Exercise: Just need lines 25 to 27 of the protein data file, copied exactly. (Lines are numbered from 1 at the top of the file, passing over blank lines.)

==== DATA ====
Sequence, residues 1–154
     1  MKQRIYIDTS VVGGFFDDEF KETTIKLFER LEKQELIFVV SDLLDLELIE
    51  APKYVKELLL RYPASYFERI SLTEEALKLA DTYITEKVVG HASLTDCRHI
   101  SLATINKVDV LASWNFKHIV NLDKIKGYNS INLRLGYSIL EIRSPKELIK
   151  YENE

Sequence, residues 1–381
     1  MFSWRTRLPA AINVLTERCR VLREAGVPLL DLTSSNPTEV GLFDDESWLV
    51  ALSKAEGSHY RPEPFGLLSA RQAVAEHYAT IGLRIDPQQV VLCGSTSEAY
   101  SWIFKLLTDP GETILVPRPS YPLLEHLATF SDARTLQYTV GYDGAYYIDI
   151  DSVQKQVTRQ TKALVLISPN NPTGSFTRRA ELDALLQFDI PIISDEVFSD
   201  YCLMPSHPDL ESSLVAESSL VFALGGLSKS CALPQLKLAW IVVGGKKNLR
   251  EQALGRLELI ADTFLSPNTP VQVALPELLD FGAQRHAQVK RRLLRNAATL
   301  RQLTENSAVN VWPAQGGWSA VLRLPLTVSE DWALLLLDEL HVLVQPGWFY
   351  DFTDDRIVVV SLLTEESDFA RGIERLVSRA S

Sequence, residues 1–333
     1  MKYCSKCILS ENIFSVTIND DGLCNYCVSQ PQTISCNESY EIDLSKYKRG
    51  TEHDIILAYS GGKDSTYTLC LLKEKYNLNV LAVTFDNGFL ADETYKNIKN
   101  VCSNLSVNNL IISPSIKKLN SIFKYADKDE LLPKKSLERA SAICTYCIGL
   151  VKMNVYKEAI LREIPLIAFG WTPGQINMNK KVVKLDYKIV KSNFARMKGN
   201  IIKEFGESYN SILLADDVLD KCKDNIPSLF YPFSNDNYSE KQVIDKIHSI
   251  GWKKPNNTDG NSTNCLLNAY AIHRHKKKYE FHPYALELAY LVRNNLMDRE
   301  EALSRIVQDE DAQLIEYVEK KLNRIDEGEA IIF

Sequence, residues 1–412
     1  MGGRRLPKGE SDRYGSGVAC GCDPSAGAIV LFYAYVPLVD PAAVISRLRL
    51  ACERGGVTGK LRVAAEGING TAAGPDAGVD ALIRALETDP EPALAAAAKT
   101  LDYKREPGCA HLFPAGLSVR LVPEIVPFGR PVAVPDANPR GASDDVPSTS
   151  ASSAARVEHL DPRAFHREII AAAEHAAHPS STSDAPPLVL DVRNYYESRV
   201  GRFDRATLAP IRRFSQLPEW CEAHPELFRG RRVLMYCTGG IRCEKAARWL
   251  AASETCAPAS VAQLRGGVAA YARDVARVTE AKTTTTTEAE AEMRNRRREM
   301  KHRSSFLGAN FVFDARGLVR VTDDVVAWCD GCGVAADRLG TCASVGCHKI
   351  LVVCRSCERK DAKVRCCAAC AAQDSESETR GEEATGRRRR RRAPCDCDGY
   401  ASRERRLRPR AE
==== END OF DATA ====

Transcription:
    51  ACERGGVTGK LRVAAEGING TAAGPDAGVD ALIRALETDP EPALAAAAKT
   101  LDYKREPGCA HLFPAGLSVR LVPEIVPFGR PVAVPDANPR GASDDVPSTS
   151  ASSAARVEHL DPRAFHREII AAAEHAAHPS STSDAPPLVL DVRNYYESRV